Sharing Concern About Proposed Development at Nassau, Harrison Streets
To the Editor:
I would like to share my great concern about the proposed development at 344 Nassau Street at the corner of Nassau and Harrison streets in the Jugtown Historic District. Jugtown is a special and historically rich area. It would be a travesty to see it destroyed.
We have some of the oldest houses in Princeton on these corners. Jugtown is a treasured part of our town and should be respected for future generations in Princeton. The oversized four-story building that is being planned at 344 Nassau Street would tower over the historic homes in the neighborhood at 45 feet high and reach to the sidewalk on Harrison Street.
Anyone who knows Jugtown knows how congested and dangerous the intersection at Harrison and Nassau is. A building of the size proposed would be a real safety concern for pedestrians and traffic, especially the large trucks and buses that already find it difficult to navigate. I am also concerned that more traffic will try to avoid the congestion by funneling into the surrounding residential side streets.
Mr. Bill King, a developer, recently built apartments in an addition on the back of the historic home at 338 Nassau Street on the northwest corner of the intersection. He did it in a way that maintained the streetscape and considered the historic home and the surrounding neighborhood. It is an unobtrusive and sensible design, so we know it can be done!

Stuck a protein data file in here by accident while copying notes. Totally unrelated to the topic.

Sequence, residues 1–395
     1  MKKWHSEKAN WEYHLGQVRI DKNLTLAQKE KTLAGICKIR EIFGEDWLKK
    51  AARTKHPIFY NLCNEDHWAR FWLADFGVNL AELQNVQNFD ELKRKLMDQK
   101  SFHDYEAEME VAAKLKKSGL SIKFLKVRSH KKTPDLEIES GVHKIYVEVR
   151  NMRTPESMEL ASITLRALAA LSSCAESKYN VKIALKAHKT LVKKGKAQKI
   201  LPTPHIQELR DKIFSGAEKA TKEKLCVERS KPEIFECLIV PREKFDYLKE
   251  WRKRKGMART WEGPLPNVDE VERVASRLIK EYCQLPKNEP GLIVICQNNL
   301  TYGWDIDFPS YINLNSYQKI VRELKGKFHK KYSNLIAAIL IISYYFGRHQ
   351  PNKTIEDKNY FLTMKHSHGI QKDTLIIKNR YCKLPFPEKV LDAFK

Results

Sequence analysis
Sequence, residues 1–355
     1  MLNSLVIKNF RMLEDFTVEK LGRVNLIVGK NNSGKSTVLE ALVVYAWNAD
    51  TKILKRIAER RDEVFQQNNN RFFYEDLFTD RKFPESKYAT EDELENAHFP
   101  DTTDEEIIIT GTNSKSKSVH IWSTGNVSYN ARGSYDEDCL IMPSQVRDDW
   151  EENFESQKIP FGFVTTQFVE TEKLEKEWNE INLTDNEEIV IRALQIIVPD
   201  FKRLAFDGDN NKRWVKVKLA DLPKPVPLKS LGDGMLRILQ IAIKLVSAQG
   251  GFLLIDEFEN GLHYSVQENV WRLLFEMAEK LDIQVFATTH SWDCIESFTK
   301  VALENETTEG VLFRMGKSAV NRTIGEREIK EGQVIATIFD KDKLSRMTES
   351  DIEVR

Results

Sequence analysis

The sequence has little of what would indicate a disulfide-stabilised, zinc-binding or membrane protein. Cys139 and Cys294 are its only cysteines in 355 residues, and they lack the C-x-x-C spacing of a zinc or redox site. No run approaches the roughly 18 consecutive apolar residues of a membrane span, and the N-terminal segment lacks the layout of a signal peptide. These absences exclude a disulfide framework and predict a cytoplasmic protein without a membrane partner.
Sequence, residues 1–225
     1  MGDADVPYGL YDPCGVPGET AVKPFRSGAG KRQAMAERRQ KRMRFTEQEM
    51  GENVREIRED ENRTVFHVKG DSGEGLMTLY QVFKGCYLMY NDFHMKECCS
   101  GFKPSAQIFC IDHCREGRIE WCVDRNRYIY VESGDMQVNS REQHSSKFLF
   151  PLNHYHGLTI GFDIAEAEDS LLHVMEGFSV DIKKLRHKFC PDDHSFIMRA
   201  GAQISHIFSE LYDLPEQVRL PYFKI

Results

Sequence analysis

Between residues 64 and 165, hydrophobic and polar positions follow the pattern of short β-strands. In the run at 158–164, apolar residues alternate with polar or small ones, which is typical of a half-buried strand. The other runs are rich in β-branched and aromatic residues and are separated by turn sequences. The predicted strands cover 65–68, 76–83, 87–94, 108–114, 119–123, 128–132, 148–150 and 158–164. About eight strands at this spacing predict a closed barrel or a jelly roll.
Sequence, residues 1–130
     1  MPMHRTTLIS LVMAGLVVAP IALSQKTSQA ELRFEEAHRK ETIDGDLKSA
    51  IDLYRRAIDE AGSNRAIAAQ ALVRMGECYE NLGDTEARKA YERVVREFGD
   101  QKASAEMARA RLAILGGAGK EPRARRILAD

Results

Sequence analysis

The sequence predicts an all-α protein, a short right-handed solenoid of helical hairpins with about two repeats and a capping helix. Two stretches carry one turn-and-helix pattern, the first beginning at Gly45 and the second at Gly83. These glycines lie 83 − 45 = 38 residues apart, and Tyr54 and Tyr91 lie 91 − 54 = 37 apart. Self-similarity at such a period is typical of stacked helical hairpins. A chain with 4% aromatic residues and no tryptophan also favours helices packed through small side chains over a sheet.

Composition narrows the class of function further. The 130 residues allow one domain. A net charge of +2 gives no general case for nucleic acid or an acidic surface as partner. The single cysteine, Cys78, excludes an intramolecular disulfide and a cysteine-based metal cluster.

I do question that Jugtown, which is on the local, state, and national historic registers, has been chosen for a four-story, 45-foot-high dense building on a dangerous corner with inadequate parking, difficult ingress and egress, and no open space. The proposed building towers over every other building in the neighborhood.
We all recognize that affordable housing is needed, and we totally support it. In a historic district, plans should be balanced against historic preservation. Rather than forcing an oversized structure into a too-tight location, developers should consider some of the more spacious options that are also in the AHO-2 overlay but outside the four corners central to Jugtown. If all four corners of Nassau and Harrison were to have 45-foot-tall, four-story blocks with no setbacks, as is allowed with the new AHO overlay ordinance, I just can’t imagine how this will work on so many levels. Jugtown would be unrecognizable. We need a balance.
I feel strongly that we are the custodians of our historical areas, and I need to understand why this ordinance has not taken the historic district into consideration, and why the present ordinance doesn’t mention it.
Has the Historic Preservation Commission the will to do what they are meant to do and support a balance between this development and the need to preserve our history here in Princeton?
I urge people to look at the plans and if they are concerned as I am, then sign the petition at change.org/p/save-jugtown-historic-district.